Fostering is for Everyone! Yes, you!
As the rescue mantra goes, “If you can’t adopt, foster.” For many animal rescue organizations, fostering is the most important thing a person can do to help find homes for homeless pets. In many ways, it is better than adopting because you save more lives over the course of a year than if you adopted. By adopting, I have saved 6 cats over a 10 year period. Over the same time, I have saved hundreds of cat and kittens as a foster mom.
So why are rescue groups always short on foster homes? Because most potential fosters use the excuse ‘Oh no, I could never foster because I’d never give them up, or I’d be too upset if I did.’ Other reasons include not having the space, or not wanting to upset current pets. Often money and time are concerns as well. This post will tell you why you can and should foster.
Don’t be sad, you’re saving lives!
Sure, saying goodbye the first few times will be tough: its likely you will shed some tears. Maybe you won’t even want to be there when she goes home, but then again, perhaps you’ll want to be the one to drive her there. Everyone deals with it differently, but the bottom line is this: if you decide not to foster because you ‘can’t handle’ the goodbyes, that pet may not have a chance. She may spend the rest of her life on the street, be euthanized alone and afraid, or abandoned because there are not enough foster homes .
So be strong, and keep the goal in mind: save more lives! Get more pets adopted! Once you get going, you’ll be addicted to the happy endings. Besides, the sadness only lasts a short time because before you know it, you’ll get another adorable foster and you’ll fall in love all over again.
A Small Space in your Home = A Large space in your heart
For those of you who don’t think you have enough room to foster, think again. Only a handful of hardcore rescuers live in mansions; the rest of us live in small to moderately sized homes, some even in apartments, and simply make do with what we have. For a cat whose life is in jeopardy, the space in your heart is worth more than the space in your home.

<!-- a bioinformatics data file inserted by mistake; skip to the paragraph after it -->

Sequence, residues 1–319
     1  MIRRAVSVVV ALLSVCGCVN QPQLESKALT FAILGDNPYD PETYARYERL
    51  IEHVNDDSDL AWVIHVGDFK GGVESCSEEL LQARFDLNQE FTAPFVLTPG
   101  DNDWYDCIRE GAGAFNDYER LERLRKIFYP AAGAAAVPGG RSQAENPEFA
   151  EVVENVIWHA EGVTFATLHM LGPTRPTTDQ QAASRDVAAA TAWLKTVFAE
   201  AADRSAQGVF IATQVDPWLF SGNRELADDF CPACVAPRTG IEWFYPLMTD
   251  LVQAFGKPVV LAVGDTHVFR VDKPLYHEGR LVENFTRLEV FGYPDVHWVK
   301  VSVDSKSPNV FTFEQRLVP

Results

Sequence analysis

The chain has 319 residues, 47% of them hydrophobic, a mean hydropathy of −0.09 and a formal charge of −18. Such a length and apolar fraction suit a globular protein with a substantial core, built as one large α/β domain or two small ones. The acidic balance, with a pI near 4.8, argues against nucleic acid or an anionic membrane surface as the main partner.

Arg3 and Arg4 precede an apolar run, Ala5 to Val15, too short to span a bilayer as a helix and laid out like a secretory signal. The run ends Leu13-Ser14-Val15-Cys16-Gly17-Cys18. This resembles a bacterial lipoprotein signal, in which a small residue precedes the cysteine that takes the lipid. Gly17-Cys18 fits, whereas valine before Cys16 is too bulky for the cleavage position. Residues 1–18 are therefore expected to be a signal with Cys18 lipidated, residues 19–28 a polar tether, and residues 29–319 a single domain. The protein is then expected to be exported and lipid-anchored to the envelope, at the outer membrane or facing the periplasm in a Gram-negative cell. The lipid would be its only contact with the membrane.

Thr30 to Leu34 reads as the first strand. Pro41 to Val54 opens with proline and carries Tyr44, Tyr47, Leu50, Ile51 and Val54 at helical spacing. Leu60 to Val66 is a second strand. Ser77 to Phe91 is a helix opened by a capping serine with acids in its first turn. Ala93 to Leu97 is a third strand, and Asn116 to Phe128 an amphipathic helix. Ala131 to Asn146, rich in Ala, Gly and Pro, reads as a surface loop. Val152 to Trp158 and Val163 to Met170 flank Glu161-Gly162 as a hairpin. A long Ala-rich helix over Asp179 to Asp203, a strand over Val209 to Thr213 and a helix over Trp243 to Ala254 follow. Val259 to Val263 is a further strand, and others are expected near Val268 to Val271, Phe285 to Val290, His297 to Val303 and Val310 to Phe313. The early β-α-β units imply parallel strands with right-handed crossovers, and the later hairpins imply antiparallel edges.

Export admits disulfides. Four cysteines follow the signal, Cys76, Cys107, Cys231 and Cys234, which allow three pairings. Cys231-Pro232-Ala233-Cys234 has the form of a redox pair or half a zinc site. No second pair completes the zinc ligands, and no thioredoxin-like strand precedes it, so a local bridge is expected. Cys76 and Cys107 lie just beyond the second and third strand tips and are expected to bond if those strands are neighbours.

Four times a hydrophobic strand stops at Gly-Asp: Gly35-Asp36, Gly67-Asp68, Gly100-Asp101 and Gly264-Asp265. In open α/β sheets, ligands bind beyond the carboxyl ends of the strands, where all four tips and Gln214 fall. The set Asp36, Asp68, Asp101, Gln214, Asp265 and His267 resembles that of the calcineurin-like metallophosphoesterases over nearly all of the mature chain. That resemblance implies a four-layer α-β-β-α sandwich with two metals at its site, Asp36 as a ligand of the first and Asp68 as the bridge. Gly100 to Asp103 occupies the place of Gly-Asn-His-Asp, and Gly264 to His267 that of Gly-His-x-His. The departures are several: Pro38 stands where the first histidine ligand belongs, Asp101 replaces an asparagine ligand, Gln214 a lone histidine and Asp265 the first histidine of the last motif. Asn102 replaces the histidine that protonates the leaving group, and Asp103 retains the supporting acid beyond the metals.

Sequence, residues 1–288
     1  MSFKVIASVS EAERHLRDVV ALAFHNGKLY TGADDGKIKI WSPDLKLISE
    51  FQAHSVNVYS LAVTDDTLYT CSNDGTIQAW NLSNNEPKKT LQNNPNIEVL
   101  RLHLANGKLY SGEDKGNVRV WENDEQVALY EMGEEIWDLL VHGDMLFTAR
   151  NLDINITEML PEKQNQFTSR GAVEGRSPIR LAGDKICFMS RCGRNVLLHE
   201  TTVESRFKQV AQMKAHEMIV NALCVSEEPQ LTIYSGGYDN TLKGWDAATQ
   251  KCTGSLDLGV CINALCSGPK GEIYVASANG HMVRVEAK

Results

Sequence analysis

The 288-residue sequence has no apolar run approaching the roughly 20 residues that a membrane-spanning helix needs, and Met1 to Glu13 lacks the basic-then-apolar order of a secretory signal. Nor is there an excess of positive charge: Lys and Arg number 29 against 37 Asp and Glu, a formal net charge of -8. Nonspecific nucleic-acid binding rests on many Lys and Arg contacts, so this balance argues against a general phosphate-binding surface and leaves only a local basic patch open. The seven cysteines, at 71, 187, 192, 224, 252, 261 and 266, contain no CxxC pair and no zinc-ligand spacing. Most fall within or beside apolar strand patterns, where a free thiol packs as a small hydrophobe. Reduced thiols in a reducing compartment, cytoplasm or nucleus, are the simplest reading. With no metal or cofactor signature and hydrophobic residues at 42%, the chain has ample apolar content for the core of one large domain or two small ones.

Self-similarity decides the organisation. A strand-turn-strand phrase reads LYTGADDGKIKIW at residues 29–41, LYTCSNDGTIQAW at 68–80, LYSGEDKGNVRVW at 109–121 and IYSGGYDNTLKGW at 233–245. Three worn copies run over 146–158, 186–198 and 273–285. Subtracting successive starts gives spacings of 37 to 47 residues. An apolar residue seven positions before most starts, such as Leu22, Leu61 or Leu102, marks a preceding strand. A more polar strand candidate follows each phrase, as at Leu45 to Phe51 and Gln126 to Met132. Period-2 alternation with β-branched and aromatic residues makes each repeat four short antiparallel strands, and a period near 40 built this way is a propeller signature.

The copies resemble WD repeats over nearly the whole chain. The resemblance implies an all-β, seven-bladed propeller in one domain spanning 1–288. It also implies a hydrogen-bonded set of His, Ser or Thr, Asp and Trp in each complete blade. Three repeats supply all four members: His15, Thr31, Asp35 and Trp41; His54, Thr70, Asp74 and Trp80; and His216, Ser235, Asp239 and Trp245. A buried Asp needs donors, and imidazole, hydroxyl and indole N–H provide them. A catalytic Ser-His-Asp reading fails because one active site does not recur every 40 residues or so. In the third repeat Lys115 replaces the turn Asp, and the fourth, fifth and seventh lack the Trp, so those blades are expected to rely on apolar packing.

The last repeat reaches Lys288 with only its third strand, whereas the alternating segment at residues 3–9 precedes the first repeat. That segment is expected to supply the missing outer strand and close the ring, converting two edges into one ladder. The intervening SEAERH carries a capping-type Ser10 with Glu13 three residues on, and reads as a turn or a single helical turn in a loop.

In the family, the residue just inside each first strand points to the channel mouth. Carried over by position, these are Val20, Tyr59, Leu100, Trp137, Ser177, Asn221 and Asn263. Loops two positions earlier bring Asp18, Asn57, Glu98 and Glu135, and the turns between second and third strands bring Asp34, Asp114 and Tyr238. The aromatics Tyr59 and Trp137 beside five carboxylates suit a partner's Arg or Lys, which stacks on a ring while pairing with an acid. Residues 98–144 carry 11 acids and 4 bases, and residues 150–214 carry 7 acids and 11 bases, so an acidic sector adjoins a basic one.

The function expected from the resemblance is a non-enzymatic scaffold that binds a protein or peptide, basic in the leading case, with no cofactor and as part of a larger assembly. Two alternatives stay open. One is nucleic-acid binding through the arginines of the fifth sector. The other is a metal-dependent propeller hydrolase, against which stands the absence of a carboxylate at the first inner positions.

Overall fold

Our rescue suggests using a small room such as a bathroom or laundry room, but we also supply large dog crates for fostering as well. A litter of young kittens, a pair of juveniles, or a single adult will do just fine in a large crate; they need your love more than they need the run of your house.
Small rooms are often better for fostering because it forces the animals to get used to interaction and being held, whereas cats with a whole house can easily evade handling or hide for days on end. Plus, crates or separate rooms keep the fosters away from your current pets, which will help to keep the peace if your pets aren’t too thrilled about your new hobby.
Finding family in a rescue group
Feeling comfortable with a rescue’s volunteers and leaders is important if you want to have a pleasant experience. Ideally, they should be a kind of support group to help you through the early emotions, celebrate your happy endings, and be on your side when making tough decisions. Most adoption groups allow fosters to be involved in the adoption process from start to finish, and I would encourage this. This gives you the opportunity to get to know and feel comfortable with the family that is adopting your foster, and will make parting with them much easier. Familiarize yourself with the group’s approval/screening process, too. Any reputable organization will have one.
Both cat rescue groups I work with (Pet Adoption Network & Fur Friends in Need) give the foster family the final say on whether or not a pet goes home with a certain family. After all, fosters know the animal the best, and will have the most worthy insight on whether or not potential adopters are a good match or not. If you would rather not (or don’t have time) to be so deeply involved, find a group whose leadership and adoption process you trust. You provide the caring, cuddling, playing (and cleaning, too); they’ll take care of the rest.
Fostering: Eternally rewarding
As I’m writing this, I’m sitting beside my foster, Freckles, a 1-year-old cow-print cat whose family loved him while he was a baby, but surrendered him as soon as he became a full grown cat. Clearly, they didn’t understand the meaning of ‘furever.’ That happens. Right now, my role is to encourage Freckles to feel comfortable during the transition, help him to trust people again, and keep him happy and healthy until his real family comes along. Basically, keep his spirits up, play with him, and love him when other people or circumstances have let him down.
He’s doing wonderfully: rubbing on my feet, crawling under my legs, and rolling over constantly. It doesn’t get any better than knowing I’m part of the reason he is doing well, the reason he’s purring right now, the reason that his eyes- and mine- are filled with hope and happiness.
(UPDATE: Freckles was adopted in the fall of 2013 to a wonderful home that is a perfect match for him, definitely worth the wait!)